Author Topic: Institute for Higher Eastern Catholic Studies  (Read 325 times)


Re: Institute for Higher Eastern Catholic Studies
« Reply #10 on: November 03, 2017, 07:48:06 AM »
Hi Guys,

There is somewhat of a rebuttal by one of the editors of the journal - Fr. Serge Keleher (RIP).
At his death a few years ago, he was in charge of a Ukrainian parish in Ireland. I remember going to his Divine Liturgy while he was stationed in Canada - in those early days he was sympathetic to Traditionalists and even wanted to see back copies of the Angelus and Roman Catholic magazines. However since then he went off on a theological tangent where he really began supporting VII and was one of the founding members of the Kyivan Church Study Group. This “Group” under the auspices of the Ukrainian hierarchy was trying to find a way of returning the UGCC “back” to the conditions of the 1st millennium- the fuzzy ecclesiological heresy of Ratzinger, himself.

I will post it this weekend when I have a bit more time. 


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Re: Institute for Higher Eastern Catholic Studies
« Reply #11 on: November 03, 2017, 09:09:57 AM »
OK, so the letter was put in the journal for the purposes of rebutting, or at least criticizing the letter. 

What you say about Fr. Keleher reminds me a bit of what Pete Vere had to say on CathInfo a few years ago.  For those not aware, Pete Vere is a new code Canonist and something of an indult attendee from Canada.  Replying to Sean Johnson in 2014, he had this to say:

Quote from: Pete Vere
To say that the Indult is a more mild form of R&R would be to assume I am resisting: a) the post-conciliar papacies; and/or b) Vatican II, and/or c) the Novus Ordo.

I am not.

I accept each of the above as valid AND licit, although - obviously - I prefer the TLM personally, and support it. But this should not be interpreted as resistance to the Novus Ordo, and/or the post-conciliar papacies, and/or Vatican II.

In fact, I have come to appreciate and view Vatican II quite differently after studying the history and Tradition of our Eastern Catholic brothers and sisters. For those interested in understanding the Second Vatican Council through the eyes of Eastern Catholic Tradition [he recommends some book]

Reply no. 12 in this thread:

My experience with the Eastern Churches is entirely theoretical, and at that, is quite deficient.  I am aware of the general arguments that some have made, claiming that in principle, the Eastern rites have been somewhat more insulated from the reforms-- this seems not only plausible, but also provable, given that they literally were so preserved.  As to rightness of belief, that may be a different story.  One hears of the Melkites in particular having been modernized (some would say Latinized).  But with so many distinctive rites, it's hard to make blanket claims one way or the other.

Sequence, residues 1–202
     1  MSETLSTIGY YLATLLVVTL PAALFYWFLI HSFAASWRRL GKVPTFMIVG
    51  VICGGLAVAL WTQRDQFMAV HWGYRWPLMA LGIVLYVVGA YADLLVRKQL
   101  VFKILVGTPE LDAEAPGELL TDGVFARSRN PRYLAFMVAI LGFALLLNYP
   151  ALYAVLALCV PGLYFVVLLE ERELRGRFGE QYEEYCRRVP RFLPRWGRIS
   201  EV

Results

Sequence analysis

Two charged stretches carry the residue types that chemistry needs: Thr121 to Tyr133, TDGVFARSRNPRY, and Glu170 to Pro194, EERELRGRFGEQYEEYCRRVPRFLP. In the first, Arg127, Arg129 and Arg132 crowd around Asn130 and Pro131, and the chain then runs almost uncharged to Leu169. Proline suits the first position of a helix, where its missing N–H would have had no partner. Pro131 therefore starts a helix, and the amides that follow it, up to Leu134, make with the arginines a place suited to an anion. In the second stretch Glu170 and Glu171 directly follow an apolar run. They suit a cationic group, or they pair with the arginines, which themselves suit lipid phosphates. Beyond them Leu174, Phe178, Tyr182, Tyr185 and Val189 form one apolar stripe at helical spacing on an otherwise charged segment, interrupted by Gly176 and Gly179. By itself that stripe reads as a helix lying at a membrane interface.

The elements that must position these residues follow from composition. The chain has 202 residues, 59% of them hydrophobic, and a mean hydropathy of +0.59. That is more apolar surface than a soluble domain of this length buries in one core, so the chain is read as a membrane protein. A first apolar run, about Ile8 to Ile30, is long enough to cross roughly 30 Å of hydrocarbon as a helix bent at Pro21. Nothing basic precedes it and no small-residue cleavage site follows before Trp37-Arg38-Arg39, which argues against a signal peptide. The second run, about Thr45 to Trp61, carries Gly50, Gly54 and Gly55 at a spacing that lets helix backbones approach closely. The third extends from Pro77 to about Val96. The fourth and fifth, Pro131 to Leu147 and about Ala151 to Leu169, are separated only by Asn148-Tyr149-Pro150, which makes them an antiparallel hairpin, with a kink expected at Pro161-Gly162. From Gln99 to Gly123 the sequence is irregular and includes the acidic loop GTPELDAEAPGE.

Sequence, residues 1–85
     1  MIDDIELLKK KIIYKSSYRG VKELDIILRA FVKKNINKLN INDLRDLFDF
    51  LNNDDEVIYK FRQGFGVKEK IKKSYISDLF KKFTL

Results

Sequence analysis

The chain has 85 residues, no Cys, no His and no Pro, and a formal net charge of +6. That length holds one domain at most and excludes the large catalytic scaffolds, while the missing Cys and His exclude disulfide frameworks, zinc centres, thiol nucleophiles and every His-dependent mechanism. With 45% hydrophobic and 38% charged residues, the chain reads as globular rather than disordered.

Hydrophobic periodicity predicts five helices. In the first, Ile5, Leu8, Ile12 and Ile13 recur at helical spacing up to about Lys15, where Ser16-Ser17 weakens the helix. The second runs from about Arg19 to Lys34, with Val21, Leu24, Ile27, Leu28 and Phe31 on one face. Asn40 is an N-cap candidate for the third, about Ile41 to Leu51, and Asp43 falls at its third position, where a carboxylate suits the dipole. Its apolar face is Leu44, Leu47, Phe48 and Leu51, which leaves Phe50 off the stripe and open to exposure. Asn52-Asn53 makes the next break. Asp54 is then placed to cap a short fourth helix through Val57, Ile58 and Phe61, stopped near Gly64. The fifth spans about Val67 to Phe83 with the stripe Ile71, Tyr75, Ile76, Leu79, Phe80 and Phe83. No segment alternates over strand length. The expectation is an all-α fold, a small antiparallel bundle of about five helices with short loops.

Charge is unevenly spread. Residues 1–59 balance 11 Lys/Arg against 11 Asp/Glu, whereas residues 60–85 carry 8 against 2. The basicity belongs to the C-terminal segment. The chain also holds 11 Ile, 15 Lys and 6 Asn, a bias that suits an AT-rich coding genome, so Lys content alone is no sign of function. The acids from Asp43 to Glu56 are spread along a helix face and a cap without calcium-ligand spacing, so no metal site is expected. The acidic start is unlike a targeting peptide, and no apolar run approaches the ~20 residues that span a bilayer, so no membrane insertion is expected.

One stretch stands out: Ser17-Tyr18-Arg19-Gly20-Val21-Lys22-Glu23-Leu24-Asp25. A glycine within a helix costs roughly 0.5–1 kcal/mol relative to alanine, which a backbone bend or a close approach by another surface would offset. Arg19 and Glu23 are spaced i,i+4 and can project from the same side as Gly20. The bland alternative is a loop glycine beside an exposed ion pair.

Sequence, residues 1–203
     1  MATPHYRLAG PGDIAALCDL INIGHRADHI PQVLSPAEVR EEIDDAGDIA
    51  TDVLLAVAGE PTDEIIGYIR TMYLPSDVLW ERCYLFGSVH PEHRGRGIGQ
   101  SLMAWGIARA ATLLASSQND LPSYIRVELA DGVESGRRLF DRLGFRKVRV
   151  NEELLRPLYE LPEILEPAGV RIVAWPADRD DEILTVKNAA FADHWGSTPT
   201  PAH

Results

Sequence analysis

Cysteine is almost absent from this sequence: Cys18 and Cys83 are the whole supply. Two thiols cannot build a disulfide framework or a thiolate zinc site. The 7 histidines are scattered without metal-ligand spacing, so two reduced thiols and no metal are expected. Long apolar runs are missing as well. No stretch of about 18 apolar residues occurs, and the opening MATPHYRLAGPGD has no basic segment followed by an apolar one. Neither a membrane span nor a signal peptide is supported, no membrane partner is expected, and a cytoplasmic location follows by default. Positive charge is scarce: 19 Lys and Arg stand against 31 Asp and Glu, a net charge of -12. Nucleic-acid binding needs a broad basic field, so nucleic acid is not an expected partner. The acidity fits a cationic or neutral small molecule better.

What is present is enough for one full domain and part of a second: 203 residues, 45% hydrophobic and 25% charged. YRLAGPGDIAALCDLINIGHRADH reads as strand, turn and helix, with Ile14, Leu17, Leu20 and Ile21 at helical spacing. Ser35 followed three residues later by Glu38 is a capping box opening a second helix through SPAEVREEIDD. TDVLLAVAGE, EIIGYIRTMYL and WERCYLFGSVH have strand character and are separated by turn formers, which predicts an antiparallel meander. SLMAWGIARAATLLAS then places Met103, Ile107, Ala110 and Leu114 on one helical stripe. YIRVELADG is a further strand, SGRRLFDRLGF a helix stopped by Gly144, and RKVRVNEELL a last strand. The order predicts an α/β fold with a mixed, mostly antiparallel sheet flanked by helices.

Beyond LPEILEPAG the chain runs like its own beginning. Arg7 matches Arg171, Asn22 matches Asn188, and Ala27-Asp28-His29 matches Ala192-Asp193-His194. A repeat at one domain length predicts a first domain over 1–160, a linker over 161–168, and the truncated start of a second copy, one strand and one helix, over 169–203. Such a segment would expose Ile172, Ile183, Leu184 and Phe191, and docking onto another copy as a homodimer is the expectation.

Given the "rich diversity" of Eastern rites, along with the general lack of scholasticism (or so I've heard-- I don't know enough Eastern rite theologians to back up the claim, but just given the general history I think we can agree that their theologians at least have different emphases and less systemism than ours), I would think that the East, though geographically, culturally, and somewhat legally insulated from the modern-Vatican reforms, would nevertheless be somewhat "ripe for the modernist/globalist picking"  just given their general lack of syllogistic theology.

I listened (on YouTube) to a talk by an Eastern Catholic priest from California.  It was recommended to me, so I figured it would be good (given that when it comes to religious material, I don't listen to Novus Ordo material).  It was a priest named Fr. Seraphim Rose, I think.  Someone asked about the Coptic Orthodox and Fr. Rose explained the situation (of miaphysism!) as simply a misunderstanding, and that the Copts believed rightly, they just explained it differently.

Now, when it comes to Christology, I think there's some leeway that can be given from one case to another, and some legitimacy to the notion of someone believing rightly but explaining wrongly-- certainly for the laity this is true.  If you want someone to look like a heretic, just ask them to explain Christ's nature and will, and you're very likely to hear something that sounds heretical.  I've even heard heretical Christology from traditional priests. 

But to explain a fifteen hundred year schism this way is clearly untenable.  The ordinary magisterium of the Catholic Church, infallible in these types of judgments, regards miaphysism as a heresy, and the separation of the Egyptian miaphysites is one of the oldest schisms in the Church, which any Catholic author will explain as not some cultural misunderstanding, but as a true difference in doctrine.

Point simply being that the East does not (generally) have the sort of distinguishing theological minds that the West does.
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Re: Institute for Higher Eastern Catholic Studies
« Reply #12 on: November 14, 2017, 06:45:01 PM »
Hi Gentlemen ,
Here is the response to previous article by Romanian Catholic Bishop George Gutiu (from Eastern Churches Journal)
Comments on the Romanian Greek Catholic Statement
By Serge Keleher

Bishop George Gutiu's appeal against the Balamand Statement is depressing. It reflects the difficult situation in Romania between the Romanian Greek-Catholic Church and the Romanian Orthodox Church, and the effect of more than four decades of isolation on the Greek-Catholics in particular. Earlier in this century there were very good relations between Greek-Catholics and Romanian Orthodox. In the eighteenth and nineteenth centuries, the Romanian Greek-Catholics played a crucial role in the Romanian national revival. And the Greek­ Catholic Church was an essential support of the Romanian national identity in Transylvania while that territory was governed by Hungary. So what is the source of the present animosity?

In 1948, as Bishop George mentions, the Romanian Communist government "abolished" the Romanian Greek-Catholic Church, announcing that it had been "reunited" with the Romanian Orthodox Patriarchate. All properties of the Romanian Greek-Catholic Church were forfeit to the government. Most church edifices were given to the Romanian Orthodox Church; most income-producing properties and revenues remained in the hands of the Communists. The Greek-Catho­lic hierarchs and leading clergy were imprisoned, and persecution was in full swing.